Since his feature film debut with Pi 25 years ago, Darren Aronofsky has continuously explored the limits of what is possible and bearable to watch in all his movies. His unique approach to the darker side of human states of being has made him one of the cult directors of our time.


Born in 1969, he spent his childhood and youth in Brooklyn, New York. After finishing high-school, he majored in social anthropology and studied filmmaking. Following his graduation, Aronofsky received a Master of Fine Arts in directing. Six years later, he won the Best Director award at the 1998 Sundance Festival for Pi. Although his next movies, Requiem for a Dream and The Fountain were cast with actors like Jared Leto, Rachel Weisz and Hugh Jackman, it was 2008 when Aronofsky had his commercial breakthrough with The Wrestler.



In each of his movies, he highlights the darkness within his characters with such visual and acoustic force, it’s impossible to withdraw. Aronofsky has stated that the Bible is one of his biggest sources of inspiration. The various cardinal sins reappear throughout his work, sometimes more prominent, sometimes subliminal. Let’s take a brief look at how he works with religion in some of the movies:

Pi is about Max, a genius number theorist who becomes obsessed with finding mathematical patterns in nature and the universe. His search for meaning expands into the idea to find a hidden code in the Thora. The journey makes Max become increasingly paranoid, his hallucinations worsen and ultimately, his state can be described as pure madness.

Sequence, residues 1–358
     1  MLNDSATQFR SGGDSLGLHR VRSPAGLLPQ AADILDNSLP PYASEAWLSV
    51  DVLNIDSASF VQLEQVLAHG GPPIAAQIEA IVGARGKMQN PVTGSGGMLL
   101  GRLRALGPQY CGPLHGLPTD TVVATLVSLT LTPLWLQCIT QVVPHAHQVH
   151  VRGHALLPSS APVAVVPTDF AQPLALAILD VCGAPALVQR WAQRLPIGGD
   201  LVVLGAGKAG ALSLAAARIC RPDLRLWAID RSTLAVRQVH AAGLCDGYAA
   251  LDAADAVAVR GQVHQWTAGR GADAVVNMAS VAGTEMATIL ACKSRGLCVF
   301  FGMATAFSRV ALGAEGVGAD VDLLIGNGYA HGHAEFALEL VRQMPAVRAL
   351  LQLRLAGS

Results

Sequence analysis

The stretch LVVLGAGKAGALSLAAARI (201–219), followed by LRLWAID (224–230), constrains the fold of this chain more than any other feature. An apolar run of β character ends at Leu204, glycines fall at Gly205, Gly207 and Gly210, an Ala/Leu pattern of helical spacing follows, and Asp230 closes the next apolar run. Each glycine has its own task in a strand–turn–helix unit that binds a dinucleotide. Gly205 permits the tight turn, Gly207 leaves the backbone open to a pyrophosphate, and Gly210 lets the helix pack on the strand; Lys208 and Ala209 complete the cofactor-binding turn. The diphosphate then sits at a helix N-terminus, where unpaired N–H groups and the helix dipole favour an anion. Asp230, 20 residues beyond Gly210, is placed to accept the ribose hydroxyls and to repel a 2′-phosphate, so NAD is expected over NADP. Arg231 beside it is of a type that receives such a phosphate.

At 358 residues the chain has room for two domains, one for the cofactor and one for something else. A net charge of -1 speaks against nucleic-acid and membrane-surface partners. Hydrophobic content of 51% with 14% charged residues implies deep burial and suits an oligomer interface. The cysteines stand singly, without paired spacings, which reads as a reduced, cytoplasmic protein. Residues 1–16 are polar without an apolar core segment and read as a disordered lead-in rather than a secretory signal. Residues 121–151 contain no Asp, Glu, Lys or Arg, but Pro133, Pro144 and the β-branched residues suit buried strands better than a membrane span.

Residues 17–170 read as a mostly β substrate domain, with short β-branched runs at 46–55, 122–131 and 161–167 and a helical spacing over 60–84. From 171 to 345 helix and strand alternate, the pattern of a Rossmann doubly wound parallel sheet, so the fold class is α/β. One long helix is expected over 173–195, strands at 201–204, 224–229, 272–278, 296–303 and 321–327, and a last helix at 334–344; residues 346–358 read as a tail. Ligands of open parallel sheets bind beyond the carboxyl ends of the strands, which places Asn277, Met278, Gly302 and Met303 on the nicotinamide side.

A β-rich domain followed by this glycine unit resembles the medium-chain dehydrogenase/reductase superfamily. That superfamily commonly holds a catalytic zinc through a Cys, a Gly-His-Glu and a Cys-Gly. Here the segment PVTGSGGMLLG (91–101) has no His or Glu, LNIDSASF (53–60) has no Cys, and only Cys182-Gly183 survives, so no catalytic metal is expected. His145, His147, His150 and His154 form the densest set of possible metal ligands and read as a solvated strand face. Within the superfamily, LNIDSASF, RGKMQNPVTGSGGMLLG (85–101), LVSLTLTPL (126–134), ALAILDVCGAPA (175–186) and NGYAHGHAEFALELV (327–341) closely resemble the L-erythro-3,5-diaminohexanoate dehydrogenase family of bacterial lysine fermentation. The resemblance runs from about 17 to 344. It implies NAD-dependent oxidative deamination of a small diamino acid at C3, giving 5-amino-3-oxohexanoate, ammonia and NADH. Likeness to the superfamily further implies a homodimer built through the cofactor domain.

The most religious movie is Noah: a cinematic depiction of the famous character of the book of genesis. Although it is set 2000 BC, the movie draws parallels to today’s day an age: the destruction of nature by humankind — led by Cain’s descendants who exploit the earth to build cities and grow their wealth — which culminates in nature (or, in this case, “god”) striking back by flooding the planet.



The Whale, which came out late 2022 and won Brendan Fraser the academy award for best actor, has a more subtle religious touch to it: the supporting character of Thomas, a missionary for the New Life Church, wants to save Charlie by joining his church. Charlie’s suffering can be interpreted to be caused by gluttony, one of the 7 cardinal sins.



However, it would be deceiving to call Aronofsky a religious director. Instead of solidifying religious views, he creates empathy and understanding for people in desperate situations. Creating characters who are brought to their limits causes the audience to reach it’s own.
Be it Noah, who wants to kill his yet unborn grandchildren, Charlie, who continuously worsens his health by his behavior or Nina who spirals into a nightmare of self-destruction rooted in the wish to be perfect. How different the characters and stories might be, they all challenge the audiences preconceptions and offers the opportunity to question hastily made judgements and opinions.



Image Credits © Darren Aronofsky